The New is the giving of this holy heart. Ezek. 36:26: "A new heart also will I give you, and a new spirit will I put within you; and I will take away the stony heart out of your flesh, and I will give you an heart of flesh." Jer. 31:31-34 "Behold, the days come, saith the Lord, that I will make a new covenant with the house of Israel, and with the house of Judah; Not according to the covenant that I made with their fathers, in the day that I took them by the hand to bring them out of the land of Egypt; (which my covenant they brake, although I was an husband unto them, saith the Lord;) But this shall be the covenant that I will make with the house of Israel; After those days, saith the Lord, I will put my law in their inward parts, and write it in their hearts; and will be their God, and they shall be my people. And they shall teach no more every man his neighbour, and every man his brother, saying, Know the Lord: for they shall all know me, from the least of them unto the greatest of them, saith the Lord: for I will forgive their iniquity, and I will remember their sin no more."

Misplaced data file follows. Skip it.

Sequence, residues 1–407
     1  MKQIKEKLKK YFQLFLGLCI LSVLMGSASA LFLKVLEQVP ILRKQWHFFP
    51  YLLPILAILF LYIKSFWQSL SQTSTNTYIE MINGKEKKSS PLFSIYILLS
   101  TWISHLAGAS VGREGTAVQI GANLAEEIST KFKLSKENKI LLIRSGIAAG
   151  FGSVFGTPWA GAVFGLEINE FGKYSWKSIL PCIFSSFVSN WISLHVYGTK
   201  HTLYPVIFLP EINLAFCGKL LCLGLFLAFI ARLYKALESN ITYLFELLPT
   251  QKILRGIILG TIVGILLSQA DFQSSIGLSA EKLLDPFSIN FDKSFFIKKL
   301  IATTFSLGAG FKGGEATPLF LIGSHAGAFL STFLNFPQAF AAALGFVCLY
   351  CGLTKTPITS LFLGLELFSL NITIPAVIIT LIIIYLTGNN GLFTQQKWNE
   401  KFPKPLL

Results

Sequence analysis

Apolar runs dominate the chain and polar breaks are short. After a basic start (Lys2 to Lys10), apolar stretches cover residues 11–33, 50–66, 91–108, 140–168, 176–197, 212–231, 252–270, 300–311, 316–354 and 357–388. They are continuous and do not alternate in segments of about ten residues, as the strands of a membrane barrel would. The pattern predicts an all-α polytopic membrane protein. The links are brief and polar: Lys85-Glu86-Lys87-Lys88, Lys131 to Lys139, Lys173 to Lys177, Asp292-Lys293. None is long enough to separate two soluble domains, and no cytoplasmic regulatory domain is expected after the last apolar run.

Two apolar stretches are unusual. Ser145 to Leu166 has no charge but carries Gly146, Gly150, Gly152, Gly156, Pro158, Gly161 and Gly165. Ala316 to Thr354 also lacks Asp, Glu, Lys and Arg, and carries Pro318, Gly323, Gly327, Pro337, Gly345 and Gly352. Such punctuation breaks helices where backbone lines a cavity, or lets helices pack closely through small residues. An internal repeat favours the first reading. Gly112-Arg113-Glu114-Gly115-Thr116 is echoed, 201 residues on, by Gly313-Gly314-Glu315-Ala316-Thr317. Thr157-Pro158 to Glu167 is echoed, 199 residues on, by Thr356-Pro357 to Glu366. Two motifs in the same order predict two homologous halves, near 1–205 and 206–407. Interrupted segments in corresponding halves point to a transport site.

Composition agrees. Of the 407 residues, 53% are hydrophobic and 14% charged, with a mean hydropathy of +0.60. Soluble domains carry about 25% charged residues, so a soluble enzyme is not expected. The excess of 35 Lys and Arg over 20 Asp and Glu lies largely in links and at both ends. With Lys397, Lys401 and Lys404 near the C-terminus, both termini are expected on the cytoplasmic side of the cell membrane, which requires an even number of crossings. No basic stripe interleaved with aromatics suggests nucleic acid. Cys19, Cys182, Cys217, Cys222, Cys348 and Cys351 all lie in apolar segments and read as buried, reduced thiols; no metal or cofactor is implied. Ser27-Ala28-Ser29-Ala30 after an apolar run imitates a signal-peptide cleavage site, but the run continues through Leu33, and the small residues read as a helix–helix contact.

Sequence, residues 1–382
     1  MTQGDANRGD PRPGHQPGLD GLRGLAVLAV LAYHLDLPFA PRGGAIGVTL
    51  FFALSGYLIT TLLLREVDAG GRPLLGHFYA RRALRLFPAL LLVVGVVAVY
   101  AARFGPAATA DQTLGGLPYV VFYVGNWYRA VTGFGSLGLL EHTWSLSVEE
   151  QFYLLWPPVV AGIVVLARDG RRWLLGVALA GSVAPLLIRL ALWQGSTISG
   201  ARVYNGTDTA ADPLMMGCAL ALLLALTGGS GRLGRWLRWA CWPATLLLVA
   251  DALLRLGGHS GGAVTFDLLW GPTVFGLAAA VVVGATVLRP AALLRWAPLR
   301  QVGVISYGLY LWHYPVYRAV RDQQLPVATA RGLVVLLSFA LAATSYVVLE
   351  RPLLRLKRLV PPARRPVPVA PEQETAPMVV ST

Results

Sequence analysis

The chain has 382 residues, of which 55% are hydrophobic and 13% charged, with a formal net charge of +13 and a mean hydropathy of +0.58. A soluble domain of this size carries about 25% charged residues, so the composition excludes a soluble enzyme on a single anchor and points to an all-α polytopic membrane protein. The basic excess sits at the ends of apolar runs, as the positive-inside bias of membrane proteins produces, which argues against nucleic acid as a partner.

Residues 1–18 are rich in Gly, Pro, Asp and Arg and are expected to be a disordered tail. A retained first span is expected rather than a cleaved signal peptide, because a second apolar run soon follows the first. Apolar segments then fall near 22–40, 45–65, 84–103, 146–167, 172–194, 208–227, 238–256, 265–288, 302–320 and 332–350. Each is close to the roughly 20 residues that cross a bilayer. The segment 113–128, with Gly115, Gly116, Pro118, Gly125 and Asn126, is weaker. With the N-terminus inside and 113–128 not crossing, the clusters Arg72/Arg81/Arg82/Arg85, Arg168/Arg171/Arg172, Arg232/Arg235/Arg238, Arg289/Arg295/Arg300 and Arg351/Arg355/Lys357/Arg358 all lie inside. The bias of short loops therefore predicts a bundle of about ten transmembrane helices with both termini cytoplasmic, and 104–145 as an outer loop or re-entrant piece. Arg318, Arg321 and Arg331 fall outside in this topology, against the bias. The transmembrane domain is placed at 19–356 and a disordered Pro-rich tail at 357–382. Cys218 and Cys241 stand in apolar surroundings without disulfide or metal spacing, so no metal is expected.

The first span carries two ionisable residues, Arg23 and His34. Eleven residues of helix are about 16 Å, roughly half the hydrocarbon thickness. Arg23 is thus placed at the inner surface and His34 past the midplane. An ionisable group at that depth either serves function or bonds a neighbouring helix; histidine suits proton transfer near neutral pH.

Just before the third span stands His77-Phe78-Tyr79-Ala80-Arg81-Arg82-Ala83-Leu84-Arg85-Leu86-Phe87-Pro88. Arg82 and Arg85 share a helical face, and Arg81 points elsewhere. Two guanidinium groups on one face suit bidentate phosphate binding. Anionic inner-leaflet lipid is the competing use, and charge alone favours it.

The New is the producing of this perfect and perpetual obedience. That it is perfect see Deut. 30:6: "And the Lord thy God will circumcise thy heart, and the heart of thy seed, to love the Lord thy God with all thine heart, and with all thy soul, that thou mayest live." Ezek. 36:25: "Then will I sprinkle clean water upon you, and ye shall be clean: from all your filthiness, and from all your idols, will I cleanse you." Jer. 50:20: "in those days, and in that time, saith the Lord, the iniquity of Israel shall be sought for, and there shall be none; and the sins of Judah, and they shall not be found: for I will pardon them whom I reserve." 1 Thess. 5:23-24: "And the very God of peace sanctify you wholly: and I pray God your whole spirit, and soul, and body be preserved blameless unto the coming of our Lord Jesus Christ. Faithful is he that calleth you, who also will do it." Jer. 24:7: "And I will give them a heart to know me, that I am the Lord; and they shall be my people, and I will be their God: for they shall return unto me with their whole heart." Jer. 33:8: "And I will cleanse them from all their iniquity, whereby they have sinned against me; and I will pardon all their iniquities, whereby they have sinned, and whereby they have transgressed against me." That it is perpetual, see Ezek. 36:27: "And I will put my Spirit within you, and cause you to walk in my statutes, and ye shall keep my judgments, and do them." Jer. 32:39-40: "And I will give them one heart, and one way, that they may fear me forever, for the good of them, and of their children after them: And I will make an everlasting covenant with them, that 1 will not turn away from them, to do them good; but I will put my fear in their hearts, that they shall not depart from me." 1 Thess. 5:23,24: "And the very God of peace sanctify you wholly; and I pray God your whole spirit, and soul, and body, be preserved blameless unto the coming of our Lord Jesus Christ. Faithful is he that calleth you, who also will do it." It has been objected, that this last is a mere prayer, and may not be answered; but the 24th verse promises "will do it."